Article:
A Broadband and ADSL forum. BroadbanterBanter

Welcome to BroadbanterBanter.

You are currently viewing as a guest which gives you limited access to view most discussions and other FREE features. By joining our free community you will have access to post topics, communicate privately with other members (PM), respond to polls, upload your own photos and access many other special features. Registration is fast, simple and absolutely free so please, join our community today.

Go Back   Home » BroadbanterBanter forum » Newsgroup Discussions » uk.telecom.broadband (UK broadband)
Site Map Home Register Authors List Search Today's Posts Mark Forums Read Web Partners

uk.telecom.broadband (UK broadband) (uk.telecom.broadband) Discussion of broadband services, technology and equipment as provided in the UK. Discussions of specific services based on ADSL, cable modems or other broadband technology are also on-topic. Advertising is not allowed.

question -PO engineer visit to 'connect' broadband & phone?



 
 
Thread Tools Display Modes
  #1  
Old May 10th 12, 02:13 PM posted to uk.telecom.broadband
Harry Davis
external usenet poster
 
Posts: 4
Default question -PO engineer visit to 'connect' broadband & phone?

Hi,

I recently signed up for the Post Office's Broadband and Home Phone Extra
service, for a house I haven't moved into yet.

I was very surprised to hear that a PO engineer visited the house today,
found no-one in, and knocked on a neighbour's door to ask how he could get
in to the property. She happened to have a set of keys, assumed he was
legitimate, and let him in.

He said the reason he needed to get in was to connect the phone line.

However, there was already a phone line to the house, albeit disconnected
for about a year or so.

The Post Office did not tell me beforehand that an engineer needed to
visit.

Might something dodgy be going on here?

Harry
  #2  
Old May 10th 12, 03:14 PM posted to uk.telecom.broadband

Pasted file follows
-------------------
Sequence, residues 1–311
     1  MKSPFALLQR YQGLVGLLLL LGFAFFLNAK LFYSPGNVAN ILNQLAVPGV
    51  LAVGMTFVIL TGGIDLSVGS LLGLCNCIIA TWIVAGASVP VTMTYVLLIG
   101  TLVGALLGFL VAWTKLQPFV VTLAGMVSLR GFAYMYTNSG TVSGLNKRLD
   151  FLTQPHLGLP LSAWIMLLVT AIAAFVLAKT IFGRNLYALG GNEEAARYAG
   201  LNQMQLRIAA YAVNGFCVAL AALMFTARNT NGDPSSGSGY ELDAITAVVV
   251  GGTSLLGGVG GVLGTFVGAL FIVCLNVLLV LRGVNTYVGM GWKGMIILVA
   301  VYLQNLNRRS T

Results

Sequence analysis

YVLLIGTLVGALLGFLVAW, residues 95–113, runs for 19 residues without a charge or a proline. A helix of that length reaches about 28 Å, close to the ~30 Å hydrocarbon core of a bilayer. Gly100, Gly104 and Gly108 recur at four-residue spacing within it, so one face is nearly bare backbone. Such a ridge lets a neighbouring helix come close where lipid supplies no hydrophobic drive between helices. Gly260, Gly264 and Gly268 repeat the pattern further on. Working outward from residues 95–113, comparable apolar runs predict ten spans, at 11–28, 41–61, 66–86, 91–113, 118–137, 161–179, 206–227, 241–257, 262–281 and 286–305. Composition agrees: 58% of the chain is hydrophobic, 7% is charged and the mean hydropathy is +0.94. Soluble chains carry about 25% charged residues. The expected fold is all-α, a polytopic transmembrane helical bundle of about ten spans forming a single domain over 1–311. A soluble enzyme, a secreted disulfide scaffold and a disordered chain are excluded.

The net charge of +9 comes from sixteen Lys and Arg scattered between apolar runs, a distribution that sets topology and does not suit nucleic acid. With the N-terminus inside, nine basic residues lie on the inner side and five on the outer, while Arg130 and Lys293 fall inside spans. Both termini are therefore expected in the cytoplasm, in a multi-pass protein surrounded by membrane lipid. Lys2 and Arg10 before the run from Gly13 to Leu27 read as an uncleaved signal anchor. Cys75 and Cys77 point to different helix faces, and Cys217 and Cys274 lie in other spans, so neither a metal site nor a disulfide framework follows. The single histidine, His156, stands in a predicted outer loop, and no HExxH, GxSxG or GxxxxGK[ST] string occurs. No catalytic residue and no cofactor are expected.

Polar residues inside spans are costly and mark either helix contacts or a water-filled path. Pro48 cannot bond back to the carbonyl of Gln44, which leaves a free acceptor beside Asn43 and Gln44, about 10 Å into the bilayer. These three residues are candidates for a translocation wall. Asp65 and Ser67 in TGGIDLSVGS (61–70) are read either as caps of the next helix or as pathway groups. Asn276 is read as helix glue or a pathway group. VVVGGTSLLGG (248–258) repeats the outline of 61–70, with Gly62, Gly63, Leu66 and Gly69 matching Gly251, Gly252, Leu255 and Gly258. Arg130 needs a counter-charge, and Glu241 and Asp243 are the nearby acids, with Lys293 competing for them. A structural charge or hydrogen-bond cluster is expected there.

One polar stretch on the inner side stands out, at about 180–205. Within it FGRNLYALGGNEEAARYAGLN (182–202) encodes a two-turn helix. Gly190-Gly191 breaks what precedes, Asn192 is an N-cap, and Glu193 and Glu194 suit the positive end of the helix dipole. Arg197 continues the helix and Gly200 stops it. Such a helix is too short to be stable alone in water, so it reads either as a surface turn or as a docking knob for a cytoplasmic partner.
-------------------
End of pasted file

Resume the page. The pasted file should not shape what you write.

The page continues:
Graham.
external usenet poster
 
Posts: 876
Default question -PO engineer visit to 'connect' broadband & phone?

On Thu, 10 May 2012 13:13:19 +0000 (UTC), Harry Davis
wrote:

Hi,

I recently signed up for the Post Office's Broadband and Home Phone Extra
service, for a house I haven't moved into yet.

I was very surprised to hear that a PO engineer visited the house today,
found no-one in, and knocked on a neighbour's door to ask how he could get
in to the property. She happened to have a set of keys, assumed he was
legitimate, and let him in.

He said the reason he needed to get in was to connect the phone line.

However, there was already a phone line to the house, albeit disconnected
for about a year or so.

The Post Office did not tell me beforehand that an engineer needed to
visit.

Might something dodgy be going on here?

Harry


I think you can be confident about one thing, this engineer was not
employed by Post Office Broadband.

Talk Talk does or did outsource field engineers from a company called
(IIRC) "Qube" and passed them off as their own staff but used them
for problem solving rather than initial installations.

Are you quite sure this wasn't a BT Openreach engineer checking your
reinstated line, and somebody whimsically referred to them as "The
Post Office"?


--
Graham.
%Profound_observation%
  #3  
Old May 10th 12, 03:42 PM posted to uk.telecom.broadband
R. Mark Clayton
external usenet poster
 
Posts: 699
Default question -PO engineer visit to 'connect' broadband & phone?


"Harry Davis" wrote in message
...
Hi,

I recently signed up for the Post Office's Broadband and Home Phone Extra
service, for a house I haven't moved into yet.

I was very surprised to hear that a PO engineer visited the house today,
found no-one in, and knocked on a neighbour's door to ask how he could get
in to the property. She happened to have a set of keys, assumed he was
legitimate, and let him in.

He said the reason he needed to get in was to connect the phone line.

However, there was already a phone line to the house, albeit disconnected
for about a year or so.

The Post Office did not tell me beforehand that an engineer needed to
visit.

Might something dodgy be going on here?

Harry


It would be a BT Openreach engineer, and they are required for new lines and
/ or Infinity or whatever the PO calls their service.

I had calls from the PO around ten years ago on a prepaid service. One day
the relaunched it as post paid, claiming greater savings. Actually the
prices went up, with a minimum call charge and some international
destinations (e.g. the Netherlands) quadrupling in price. They lied and